Folding may occur over very different scales: folds can
be very large or extremely small.
How do we measure rock deformation?
How do we measure rock deformation?
Anticlines and synclines can be either horizontal or plunging.
At the center of a fold is the Hinge Line and the Axial Plane.
The sides of a fold are called Limbs.
Hinge line
How do we measure rock deformation?
How do we measure rock deformation?
How do we measure rock deformation?
Anticlines: Layered rocks that have been folded into arches.
Thus, after erosion the oldest rocks are at the center.
Synclines: Layered rocks that have been folded into troughs.
Thus, after erosion the youngest rocks are at the center.
They often occur next to each other and repeat over distances.
Strike and Dip Measurements Indicate Structure At Depth
How do we measure rock deformation?
A plunging anticline closes up in the direction of plunge.
A plunging syncline opens out in the direction of plunge.
How do we measure rock deformation?
Anticlines and synclines which are plunging to the left (northwest in photo).
How do we measure rock deformation?
Structural domes and basins may also form.
In a dome the strikes form a circular pattern and dips are away
from the center. The oldest rocks are at the center.
In a basin the strikes form a circular pattern and dips are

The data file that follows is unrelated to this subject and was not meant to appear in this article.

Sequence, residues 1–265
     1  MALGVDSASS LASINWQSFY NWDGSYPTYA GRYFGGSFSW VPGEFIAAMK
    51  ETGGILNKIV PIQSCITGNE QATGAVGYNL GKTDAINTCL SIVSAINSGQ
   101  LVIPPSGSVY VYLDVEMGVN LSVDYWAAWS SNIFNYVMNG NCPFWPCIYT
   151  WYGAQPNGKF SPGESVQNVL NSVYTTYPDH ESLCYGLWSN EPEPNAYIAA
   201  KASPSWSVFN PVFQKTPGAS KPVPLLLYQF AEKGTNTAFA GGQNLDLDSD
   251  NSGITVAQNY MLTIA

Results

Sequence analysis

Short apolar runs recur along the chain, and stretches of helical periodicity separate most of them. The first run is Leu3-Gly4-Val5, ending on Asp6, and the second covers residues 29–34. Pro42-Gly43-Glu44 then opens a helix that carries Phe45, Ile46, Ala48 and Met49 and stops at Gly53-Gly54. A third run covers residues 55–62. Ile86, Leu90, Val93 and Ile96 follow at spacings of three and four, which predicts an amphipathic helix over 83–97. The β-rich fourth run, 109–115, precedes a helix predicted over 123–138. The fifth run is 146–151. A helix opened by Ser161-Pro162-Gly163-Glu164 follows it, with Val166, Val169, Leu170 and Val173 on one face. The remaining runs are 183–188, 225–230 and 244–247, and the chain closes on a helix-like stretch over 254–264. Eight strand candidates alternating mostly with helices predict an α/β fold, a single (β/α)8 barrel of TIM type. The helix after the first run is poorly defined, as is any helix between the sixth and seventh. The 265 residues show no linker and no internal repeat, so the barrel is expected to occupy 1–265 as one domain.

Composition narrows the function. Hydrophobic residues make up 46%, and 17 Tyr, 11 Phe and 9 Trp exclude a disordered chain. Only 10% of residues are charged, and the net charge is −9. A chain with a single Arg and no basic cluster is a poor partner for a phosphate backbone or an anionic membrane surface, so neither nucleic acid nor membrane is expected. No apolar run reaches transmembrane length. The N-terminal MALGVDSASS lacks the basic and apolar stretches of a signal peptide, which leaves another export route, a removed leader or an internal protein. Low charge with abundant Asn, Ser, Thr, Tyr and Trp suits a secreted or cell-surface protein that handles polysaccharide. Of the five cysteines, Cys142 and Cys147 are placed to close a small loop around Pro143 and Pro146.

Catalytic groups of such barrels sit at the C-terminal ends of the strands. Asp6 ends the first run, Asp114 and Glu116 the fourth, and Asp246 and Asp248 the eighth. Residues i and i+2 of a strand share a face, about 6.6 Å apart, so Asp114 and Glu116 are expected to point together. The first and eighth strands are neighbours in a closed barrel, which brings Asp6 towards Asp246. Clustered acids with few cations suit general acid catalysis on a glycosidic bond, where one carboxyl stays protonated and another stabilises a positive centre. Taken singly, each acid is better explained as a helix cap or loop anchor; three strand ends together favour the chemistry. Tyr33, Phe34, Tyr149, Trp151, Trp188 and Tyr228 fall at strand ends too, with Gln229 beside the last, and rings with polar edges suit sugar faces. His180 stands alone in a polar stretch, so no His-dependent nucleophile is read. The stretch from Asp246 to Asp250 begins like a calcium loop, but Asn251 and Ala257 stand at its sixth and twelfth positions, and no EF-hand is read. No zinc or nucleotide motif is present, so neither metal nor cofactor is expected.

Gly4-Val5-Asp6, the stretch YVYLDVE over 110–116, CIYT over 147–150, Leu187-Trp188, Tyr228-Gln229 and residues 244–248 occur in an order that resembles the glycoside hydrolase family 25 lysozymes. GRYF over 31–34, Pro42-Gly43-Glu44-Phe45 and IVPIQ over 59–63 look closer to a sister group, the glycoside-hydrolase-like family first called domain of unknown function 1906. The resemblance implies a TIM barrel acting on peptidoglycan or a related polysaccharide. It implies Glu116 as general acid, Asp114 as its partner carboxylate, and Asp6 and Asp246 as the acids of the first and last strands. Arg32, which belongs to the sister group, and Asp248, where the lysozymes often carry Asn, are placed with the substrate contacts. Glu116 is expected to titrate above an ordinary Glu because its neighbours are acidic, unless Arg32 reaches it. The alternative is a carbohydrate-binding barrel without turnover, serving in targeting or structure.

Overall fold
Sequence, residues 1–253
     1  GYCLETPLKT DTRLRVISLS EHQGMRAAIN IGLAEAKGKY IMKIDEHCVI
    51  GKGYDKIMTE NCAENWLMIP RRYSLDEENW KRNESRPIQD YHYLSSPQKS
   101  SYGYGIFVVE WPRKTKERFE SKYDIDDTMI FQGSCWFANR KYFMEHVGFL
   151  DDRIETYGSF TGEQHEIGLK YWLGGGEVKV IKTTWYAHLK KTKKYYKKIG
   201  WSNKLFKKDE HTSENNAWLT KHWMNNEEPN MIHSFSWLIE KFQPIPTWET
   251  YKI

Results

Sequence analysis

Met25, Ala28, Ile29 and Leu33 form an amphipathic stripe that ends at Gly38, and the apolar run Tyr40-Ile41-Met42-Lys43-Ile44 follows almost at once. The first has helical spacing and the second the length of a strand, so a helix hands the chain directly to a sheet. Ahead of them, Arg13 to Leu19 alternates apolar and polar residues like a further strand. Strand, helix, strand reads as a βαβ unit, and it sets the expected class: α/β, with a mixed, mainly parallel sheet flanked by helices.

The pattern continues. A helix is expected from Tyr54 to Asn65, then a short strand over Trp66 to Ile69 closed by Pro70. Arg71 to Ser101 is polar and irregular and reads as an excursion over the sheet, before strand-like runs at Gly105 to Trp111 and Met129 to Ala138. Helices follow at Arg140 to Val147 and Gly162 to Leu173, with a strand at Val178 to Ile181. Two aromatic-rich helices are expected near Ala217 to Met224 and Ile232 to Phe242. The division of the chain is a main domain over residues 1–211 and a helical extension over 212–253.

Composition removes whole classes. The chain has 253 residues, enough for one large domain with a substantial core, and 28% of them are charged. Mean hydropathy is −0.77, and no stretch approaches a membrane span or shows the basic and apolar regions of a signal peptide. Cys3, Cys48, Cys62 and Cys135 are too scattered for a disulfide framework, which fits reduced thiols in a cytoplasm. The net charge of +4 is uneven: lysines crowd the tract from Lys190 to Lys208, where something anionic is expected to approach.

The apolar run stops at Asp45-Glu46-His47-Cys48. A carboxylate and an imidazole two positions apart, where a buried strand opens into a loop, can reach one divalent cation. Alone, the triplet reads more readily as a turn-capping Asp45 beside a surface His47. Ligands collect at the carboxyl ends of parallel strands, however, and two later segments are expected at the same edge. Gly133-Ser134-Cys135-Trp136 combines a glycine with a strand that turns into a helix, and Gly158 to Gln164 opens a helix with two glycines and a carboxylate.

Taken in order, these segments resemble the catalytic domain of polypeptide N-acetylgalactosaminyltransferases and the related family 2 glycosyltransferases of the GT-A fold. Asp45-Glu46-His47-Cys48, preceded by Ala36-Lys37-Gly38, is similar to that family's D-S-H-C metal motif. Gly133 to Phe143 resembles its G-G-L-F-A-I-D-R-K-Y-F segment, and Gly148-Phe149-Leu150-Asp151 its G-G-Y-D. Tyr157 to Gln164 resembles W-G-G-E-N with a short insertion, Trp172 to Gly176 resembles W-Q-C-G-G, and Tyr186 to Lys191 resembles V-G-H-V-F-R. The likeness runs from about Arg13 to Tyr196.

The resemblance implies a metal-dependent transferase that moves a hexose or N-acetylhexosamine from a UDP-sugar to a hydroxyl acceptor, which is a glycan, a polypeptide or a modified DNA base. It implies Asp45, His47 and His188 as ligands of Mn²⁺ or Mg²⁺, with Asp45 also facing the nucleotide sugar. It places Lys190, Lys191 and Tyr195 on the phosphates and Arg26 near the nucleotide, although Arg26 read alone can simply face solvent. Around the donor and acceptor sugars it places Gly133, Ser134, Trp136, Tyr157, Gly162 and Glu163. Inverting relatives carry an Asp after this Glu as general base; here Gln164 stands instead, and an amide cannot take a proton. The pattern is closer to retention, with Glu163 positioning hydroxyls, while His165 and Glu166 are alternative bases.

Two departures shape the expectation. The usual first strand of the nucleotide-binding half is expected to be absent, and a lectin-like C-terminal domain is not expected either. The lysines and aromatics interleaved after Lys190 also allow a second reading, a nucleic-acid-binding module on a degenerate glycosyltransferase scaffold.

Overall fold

towards the center. The youngest rocks are at the center.
Aerial photo of a structural dome. Rocks dip away from the center.
The Michigan Basin - Youngest Rocks At Center
How do we measure rock deformation?
• Faults – Planar breaks through rocks along
which movement occurs.
• Footwall: The rock below the fault plane.
• Hanging wall: The rock above the fault plane.
• Dip-slip: Movement on a fault that is primarily
vertical displacement along the dip surface.
These can be either normal or reverse.
• Strike-slip: motion along a fault that results in
horizontal rock displacement.
• Oblique-slip fault: A combination of dip- and strikeslip displacements.
How do we measure rock deformation?
Footwall and hanging
wall terminology comes
from mining.
It refers to the rock
under a miners feet,
and the wall above the
miner (where you might
hang your lamp).
How do we measure rock deformation?